The Fifth U.S. Circuit Court of Appeals, considered by many among the most conservative in the country, announced on March 9 that they will reconsider whether Texas' voter identification law discriminates against minorities.

The case will be heard "en banc," meaning that the entire 15-judge bench will be in court when deliberations begin sometime in late May. The choice to include all judges was reached by the judges themselves, though no reason was given for their decision.

"Today's decision is a strong step forward in our efforts to defend the state's Voter ID laws," Texas Attorney General Ken Paxton said in a statement. "Safeguarding the integrity of our elections is a primary function of state government and is essential to preserving our democratic process. We look forward to presenting our case before the full Fifth Circuit."

Challenges to Senate Bill 14

Former Texas Gov. Rick Perry introduced Senate Bill (SB) 14 in May 2011 as a deterrent to voter ID fraud. A federal court blocked the bill from going into effect soon after, stating that the law would disproportionately affect Latinos and African Americans.

It wasn't until June 2013, following a landmark Supreme Court ruling that removed provisions in the Voting Rights Act of 1965, that SB14 received new life. Texas lawmakers could now enforce ID requirement with fewer restrictions.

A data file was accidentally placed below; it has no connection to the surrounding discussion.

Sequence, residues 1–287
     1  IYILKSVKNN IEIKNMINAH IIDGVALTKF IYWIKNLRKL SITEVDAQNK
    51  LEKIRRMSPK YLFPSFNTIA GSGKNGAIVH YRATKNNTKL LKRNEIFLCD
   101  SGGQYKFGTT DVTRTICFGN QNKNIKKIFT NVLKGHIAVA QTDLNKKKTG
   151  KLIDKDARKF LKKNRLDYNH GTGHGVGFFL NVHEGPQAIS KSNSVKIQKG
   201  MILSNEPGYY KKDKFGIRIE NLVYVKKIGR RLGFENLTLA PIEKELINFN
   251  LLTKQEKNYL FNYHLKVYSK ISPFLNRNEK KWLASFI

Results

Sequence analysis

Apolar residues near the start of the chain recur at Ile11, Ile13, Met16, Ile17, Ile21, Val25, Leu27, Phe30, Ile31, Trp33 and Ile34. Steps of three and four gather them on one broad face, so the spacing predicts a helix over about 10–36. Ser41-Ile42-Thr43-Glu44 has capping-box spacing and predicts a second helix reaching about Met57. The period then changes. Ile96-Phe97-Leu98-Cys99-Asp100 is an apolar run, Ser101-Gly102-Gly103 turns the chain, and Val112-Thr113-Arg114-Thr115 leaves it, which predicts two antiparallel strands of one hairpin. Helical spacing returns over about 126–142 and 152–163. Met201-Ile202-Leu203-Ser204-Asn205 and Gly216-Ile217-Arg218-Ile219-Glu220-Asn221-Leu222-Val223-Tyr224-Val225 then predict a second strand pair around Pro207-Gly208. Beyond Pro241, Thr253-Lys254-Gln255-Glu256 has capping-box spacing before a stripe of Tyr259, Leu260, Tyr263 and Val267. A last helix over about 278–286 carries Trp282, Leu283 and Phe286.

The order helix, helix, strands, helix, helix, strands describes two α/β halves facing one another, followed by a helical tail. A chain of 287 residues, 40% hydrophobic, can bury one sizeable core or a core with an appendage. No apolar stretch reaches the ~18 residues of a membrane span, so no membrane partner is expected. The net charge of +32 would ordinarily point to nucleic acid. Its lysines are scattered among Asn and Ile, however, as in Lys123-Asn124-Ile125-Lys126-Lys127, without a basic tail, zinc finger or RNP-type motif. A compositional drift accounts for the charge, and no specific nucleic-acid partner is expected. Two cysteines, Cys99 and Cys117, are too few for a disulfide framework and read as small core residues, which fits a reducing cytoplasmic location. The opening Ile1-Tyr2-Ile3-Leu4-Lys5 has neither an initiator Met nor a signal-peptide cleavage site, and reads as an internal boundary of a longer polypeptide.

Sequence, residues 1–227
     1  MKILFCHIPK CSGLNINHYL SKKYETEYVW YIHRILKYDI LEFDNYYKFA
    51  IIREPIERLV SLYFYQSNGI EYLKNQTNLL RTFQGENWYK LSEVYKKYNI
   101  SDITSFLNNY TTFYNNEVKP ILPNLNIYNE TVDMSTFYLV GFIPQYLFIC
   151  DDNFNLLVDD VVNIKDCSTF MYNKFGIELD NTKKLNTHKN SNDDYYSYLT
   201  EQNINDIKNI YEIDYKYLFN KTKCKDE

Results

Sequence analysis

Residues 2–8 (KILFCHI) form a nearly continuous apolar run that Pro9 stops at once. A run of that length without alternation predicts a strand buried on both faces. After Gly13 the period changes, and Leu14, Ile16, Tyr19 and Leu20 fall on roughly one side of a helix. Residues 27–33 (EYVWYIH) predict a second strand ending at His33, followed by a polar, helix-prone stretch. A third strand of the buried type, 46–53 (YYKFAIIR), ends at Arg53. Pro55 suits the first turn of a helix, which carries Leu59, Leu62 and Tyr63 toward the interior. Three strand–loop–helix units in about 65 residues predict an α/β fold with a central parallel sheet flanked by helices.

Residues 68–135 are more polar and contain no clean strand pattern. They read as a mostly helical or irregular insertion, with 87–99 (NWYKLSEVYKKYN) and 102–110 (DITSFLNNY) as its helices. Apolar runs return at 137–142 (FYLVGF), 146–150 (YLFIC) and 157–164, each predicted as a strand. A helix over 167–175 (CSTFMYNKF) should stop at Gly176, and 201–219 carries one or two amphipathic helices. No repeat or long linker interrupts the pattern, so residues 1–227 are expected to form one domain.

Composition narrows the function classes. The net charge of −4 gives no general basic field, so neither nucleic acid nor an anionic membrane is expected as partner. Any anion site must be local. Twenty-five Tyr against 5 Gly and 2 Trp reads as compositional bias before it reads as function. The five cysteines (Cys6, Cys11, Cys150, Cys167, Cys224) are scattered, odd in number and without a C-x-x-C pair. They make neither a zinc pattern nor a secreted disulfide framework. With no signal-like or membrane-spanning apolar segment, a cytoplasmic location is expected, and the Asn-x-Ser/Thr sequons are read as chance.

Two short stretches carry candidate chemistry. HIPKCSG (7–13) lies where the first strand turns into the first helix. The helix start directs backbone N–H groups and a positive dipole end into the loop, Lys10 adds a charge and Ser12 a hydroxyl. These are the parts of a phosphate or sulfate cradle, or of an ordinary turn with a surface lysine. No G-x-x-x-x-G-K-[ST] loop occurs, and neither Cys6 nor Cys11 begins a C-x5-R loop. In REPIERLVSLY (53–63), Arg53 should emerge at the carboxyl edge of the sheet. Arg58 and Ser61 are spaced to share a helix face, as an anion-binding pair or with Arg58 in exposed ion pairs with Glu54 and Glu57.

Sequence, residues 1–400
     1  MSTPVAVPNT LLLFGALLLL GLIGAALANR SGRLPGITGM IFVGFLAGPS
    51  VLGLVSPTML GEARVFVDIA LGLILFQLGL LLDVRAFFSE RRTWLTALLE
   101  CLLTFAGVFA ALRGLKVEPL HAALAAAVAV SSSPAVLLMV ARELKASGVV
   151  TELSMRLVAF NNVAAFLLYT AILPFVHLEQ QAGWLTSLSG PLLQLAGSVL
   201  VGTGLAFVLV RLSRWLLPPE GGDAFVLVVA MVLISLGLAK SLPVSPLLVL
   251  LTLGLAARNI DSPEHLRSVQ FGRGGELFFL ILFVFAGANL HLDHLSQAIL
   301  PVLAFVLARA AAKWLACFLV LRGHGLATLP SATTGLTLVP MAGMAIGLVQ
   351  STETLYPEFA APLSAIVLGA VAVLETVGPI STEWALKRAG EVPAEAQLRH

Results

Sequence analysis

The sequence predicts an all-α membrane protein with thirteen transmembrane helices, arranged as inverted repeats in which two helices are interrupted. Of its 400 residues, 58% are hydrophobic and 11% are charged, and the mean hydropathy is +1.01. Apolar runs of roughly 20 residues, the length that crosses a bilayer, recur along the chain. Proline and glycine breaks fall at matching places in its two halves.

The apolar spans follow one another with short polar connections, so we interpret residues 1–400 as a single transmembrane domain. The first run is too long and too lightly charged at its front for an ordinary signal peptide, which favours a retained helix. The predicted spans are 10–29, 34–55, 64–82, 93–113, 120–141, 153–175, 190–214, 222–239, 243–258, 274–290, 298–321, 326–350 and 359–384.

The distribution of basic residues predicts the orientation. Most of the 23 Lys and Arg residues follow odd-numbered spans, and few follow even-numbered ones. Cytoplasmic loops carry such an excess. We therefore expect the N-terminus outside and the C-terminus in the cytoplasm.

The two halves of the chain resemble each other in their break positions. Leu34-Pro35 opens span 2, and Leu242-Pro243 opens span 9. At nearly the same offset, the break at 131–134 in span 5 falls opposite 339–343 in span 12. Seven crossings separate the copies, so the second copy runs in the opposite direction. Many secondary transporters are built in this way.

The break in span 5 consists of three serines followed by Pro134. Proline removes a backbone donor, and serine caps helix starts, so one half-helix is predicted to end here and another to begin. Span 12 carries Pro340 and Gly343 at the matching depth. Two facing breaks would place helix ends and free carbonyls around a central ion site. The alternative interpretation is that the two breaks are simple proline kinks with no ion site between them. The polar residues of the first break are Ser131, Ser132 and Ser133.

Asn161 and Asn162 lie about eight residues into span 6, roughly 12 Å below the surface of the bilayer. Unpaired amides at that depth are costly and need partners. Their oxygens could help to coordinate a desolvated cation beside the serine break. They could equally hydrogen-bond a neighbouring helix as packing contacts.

Texas voters challenged the law, and a District Court judge halted counties from implementing it ahead of 2014 November elections, both claiming SB 14 had discriminatory undertones.

Last April, a three-judge panel appointed by the Fifth Circuit was chosen to rule on the law's constitutionality, specifically if it violates the Voting Rights Act. They ruled it does, upholding a lower court's ruling and the subsequent request from Texas officials to rehear the case.

Voter ID Laws and the 2016 Presidential Election

The case likely won't be settled until August or September, when Democratic and Republican presidential nominees are making final pushed ahead of the Nov. 8 general election. Whichever way they rule directly affects who is allowed to vote.

"Texas has a dismal record of voter participation," Texas Rep. Marc Veasey said in a statement. "State officials like Governor Abbott and Attorney-General Paxton should be doing all they can to expand turnout. "Instead, time and time again, Texans have been victims of political gimmicks meant to prevent them from exercising one of their fundamental rights as U.S. citizens."

A University of California-San Diego study released in February found voter ID laws dissuaded Latinos and African Americans from turning out from 2008 and 2012 state elections; Latino turnout decreased by 9.3 percent in states with strict photo requirements. Researchers warn the trend may continue this fall.

Regardless of what the "en banc" panel decides, it may be the last word for quite a while. The Supreme Court usually presides over any challenges, but President Obama and Senate Republicans are in a stalemate over who fills the vacancy left by Justice Antonin Scalia.

A 4-4 Supreme Court split means it reverts back to whatever the Louisiana court decides.